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We spent yesterday (Thanksgiving Day) quietly~at least, in the morning. The weather was cold and we woke to about 1.5″ of snow with flurries still coming down. It was almost magical to watch these gigantic flakes floating down and have a cozy fire roaring in the fireplace.

And it gave me a lovely opportunity to sit quietly with my cup of coffee and think thankful thoughts.

I heard earlier in the week that it’s hard to be thankful without a positive attitude/outlook. I don’t know how true that is, but I’m generally a pretty positive person. It’s also not terribly hard for me to start cataloging blessings in my life. The same thought continued on the topic of gratefulness by saying that those who have an attitude of entitlement often can’t come up with things to be thankful for, because they feel as if they “deserve” things or are “owed” them.

I guess I’ve been around the block enough times in my short life to realize that no one owes me anything. Well, scratch that. Philip James Bailey said, “Respect is what we owe; love, what we give.” So if Bailey is right, all I’m owed (and owe anyone else) is respect. But I don’t expect that anyone “owes” me anything~mostly because I let myself down often enough, and to consider relying on others for something important to my life and/or well-being just seems a recipe for disaster.

Interestingly enough, Bailey also had another good quote: “Envy’s a coal comes hissing hot from Hell.” And although not directly related to a sense of entitlement, it’s an interesting concept when applied to the idea of thankfulness and gratitude, for sure.

So in that vein, I realized that although life is not perfect (by any stretch), it’s a lot better than it could be. We have a cozy home, we’re warm and well-fed, and we have an amazing little family. We are deeply blessed to be where we’re supposed to be, doing what we’ve been born to do, and the freedoms we enjoy are second to none, in the spectrum of the world’s countries.

We spent the afternoon and early evening with some friends from Mark’s office; we had the opportunity to drive out to north of Grand Rapids for a time with my cousins, but the time involved in the drive and the cost of gas made it too challenging for us this time around. If gas wasn’t $3.25/gallon and I didn’t have a full list of shopping for Black Friday that required me rising at 3:30am, it wouldn’t have been a problem. And it’s a bit of a pain, because I love my family and wanted to spend time with everyone. But the practicality of a 4 hour round-trip inside of 6 hours just made it not feasible.

Regardless, we had an enjoyable time, even if something I ate caused me quite a bit of gastrointestinal distress today. ๐Ÿ˜


I did end up going to bed early last night and getting up at the butt-crack of dawn this morning. Kohl’s opened at 4am, and I was there by 4:15. It’s amazing, but our little town has *never* been this empty~at least, when I’ve been up and moving around. But at 3:55am, the streets are virtually abandoned; I was the only one driving around and I saw no one on I-94 until I was nearly in Ann Arbor.

I started at Kohl’s, found what I wanted to buy for gifts, but couldn’t find the end of the line to pay.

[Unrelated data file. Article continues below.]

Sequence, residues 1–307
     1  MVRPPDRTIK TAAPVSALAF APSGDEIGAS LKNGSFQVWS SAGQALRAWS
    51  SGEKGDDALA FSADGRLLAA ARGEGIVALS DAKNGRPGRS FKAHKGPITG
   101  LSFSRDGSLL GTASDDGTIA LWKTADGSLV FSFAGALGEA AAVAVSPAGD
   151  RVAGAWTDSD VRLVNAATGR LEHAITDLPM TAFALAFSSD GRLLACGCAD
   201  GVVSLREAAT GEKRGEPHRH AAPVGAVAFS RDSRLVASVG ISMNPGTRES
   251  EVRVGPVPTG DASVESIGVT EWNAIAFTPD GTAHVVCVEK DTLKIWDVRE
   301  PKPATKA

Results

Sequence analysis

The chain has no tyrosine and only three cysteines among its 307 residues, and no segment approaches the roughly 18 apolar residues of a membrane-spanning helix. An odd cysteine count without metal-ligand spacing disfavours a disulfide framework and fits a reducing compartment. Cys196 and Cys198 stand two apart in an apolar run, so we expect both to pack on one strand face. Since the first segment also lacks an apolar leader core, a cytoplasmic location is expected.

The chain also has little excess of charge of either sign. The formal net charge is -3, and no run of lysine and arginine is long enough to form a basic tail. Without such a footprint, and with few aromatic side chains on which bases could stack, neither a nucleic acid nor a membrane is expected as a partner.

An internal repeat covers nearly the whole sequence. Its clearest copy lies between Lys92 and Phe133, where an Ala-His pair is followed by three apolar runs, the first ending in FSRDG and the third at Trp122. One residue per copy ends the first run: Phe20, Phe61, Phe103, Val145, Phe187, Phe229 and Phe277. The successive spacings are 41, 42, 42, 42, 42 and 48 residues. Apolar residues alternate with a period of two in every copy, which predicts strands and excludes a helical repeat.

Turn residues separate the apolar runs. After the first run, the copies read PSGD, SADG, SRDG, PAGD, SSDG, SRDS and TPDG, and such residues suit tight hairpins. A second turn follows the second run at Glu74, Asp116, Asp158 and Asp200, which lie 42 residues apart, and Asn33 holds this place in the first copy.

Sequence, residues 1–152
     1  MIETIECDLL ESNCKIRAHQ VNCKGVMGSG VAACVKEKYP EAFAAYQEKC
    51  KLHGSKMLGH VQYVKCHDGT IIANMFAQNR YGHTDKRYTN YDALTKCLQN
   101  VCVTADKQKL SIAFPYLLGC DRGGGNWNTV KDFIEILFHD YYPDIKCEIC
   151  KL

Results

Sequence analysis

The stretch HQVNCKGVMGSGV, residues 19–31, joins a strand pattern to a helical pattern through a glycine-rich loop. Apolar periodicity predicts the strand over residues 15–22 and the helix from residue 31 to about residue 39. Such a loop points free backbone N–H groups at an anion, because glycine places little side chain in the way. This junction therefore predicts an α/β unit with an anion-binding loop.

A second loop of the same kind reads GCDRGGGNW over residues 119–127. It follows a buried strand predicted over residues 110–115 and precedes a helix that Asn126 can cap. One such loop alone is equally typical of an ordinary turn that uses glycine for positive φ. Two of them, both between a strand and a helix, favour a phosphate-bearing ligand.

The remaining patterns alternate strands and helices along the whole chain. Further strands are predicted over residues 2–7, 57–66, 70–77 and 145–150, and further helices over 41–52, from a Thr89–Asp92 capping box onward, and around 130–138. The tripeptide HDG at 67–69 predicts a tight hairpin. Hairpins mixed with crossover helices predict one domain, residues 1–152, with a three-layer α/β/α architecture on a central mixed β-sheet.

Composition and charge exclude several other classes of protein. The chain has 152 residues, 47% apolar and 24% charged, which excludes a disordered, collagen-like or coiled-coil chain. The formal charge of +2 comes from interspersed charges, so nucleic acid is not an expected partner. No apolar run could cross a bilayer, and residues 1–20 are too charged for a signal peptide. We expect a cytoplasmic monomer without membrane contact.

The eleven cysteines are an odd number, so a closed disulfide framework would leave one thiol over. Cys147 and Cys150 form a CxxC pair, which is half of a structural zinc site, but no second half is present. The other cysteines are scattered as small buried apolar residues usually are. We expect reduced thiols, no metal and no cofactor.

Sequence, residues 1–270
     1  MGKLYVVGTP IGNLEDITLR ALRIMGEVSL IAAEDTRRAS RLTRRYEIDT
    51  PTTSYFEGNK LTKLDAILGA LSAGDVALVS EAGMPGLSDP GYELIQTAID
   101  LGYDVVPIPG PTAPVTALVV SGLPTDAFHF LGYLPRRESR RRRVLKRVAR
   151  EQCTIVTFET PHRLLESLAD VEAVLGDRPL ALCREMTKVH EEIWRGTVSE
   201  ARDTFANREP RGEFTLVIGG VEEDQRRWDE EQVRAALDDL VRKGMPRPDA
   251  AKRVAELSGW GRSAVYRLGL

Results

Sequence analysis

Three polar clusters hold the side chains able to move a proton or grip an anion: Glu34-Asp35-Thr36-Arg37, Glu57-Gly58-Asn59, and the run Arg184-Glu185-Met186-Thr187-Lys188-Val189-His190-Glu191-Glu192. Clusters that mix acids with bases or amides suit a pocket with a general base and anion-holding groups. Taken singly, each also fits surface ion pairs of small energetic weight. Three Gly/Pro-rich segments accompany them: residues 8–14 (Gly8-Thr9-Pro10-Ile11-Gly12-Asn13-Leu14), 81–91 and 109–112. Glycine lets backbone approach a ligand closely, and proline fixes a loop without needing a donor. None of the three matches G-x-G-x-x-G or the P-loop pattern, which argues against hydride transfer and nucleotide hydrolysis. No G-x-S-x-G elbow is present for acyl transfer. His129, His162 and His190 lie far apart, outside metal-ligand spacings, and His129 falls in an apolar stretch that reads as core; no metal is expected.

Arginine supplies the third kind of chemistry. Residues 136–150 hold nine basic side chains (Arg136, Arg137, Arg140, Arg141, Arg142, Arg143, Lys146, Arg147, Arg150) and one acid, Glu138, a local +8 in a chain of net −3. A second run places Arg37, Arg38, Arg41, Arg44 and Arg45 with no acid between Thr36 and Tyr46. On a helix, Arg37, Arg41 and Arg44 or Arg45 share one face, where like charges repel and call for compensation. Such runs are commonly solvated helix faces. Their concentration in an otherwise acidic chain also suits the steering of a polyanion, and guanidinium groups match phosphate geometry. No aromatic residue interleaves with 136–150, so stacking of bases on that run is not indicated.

Literally. I couldn’t find it. It wrapped around the inside of the store (back and around) TWICE. I looked at what was in my arms, what what supposed to be the end of the line (but wasn’t), and contemplated a moment. Then I stashed my horde under a small display table and its tablecloth and left the store. I figured I could hit other stores and then come back when I was done everywhere else. And if my stash wasn’t there, then I’d either try to re-find it or I didn’t need to buy it and would come up with a “plan b” for my gift list.

The main problem appeared to be Kohl’s planning “doorbuster deals” that were earlier than stores in the area, but they only had 6 of the 12 or 16 registers open in the entire store. ๐Ÿ˜

Not the greatest planning, if you ask me. But I did notice that no one did ask me. ๐Ÿ˜ฎ

So then I hit Meijer, Target, and JoAnn before heading back to Kohl’s, and sure enough, my stuff was right where I’d stashed it. Then I met up with my two (new) “long lost sisters” who were holding a place in line for me (we’d arranged this in the aisle at Target), and we waited, chatted, and helped others in line with us as we passed our time and crawled to the registers to pay. If I had to spend an hour winding my way through a store, creating an impromptu camaraderie isn’t a bad way to do it. These women and I will likely never see each other again, and yet we shared tales, experiences, stories, and laughs while we helped each other, and it was a memorable time for me. Who says northerners are “unfriendly”? They’ve clearly never been out on Black Friday and stuck in line together. ๐Ÿ˜‰

I was home by 8:30am, and that’s not bad work for a little over 4 hours. I’m virtually done shopping for everyone except Mark and one nephew, and for me to go shopping without having to drag a reluctant 5 y/o along, that’s pretty darned good. Yes, you figured that right: while I braved the cold and crowds, Mark and Brendan slept soundly. :roll:

Over all, it’s been a great holiday weekend thus far. I’ve got much to be thankful and grateful for, and I’m enjoying the time we have together. But now, because I’ve been up since the butt-crack of dawn, I’m going to bed..

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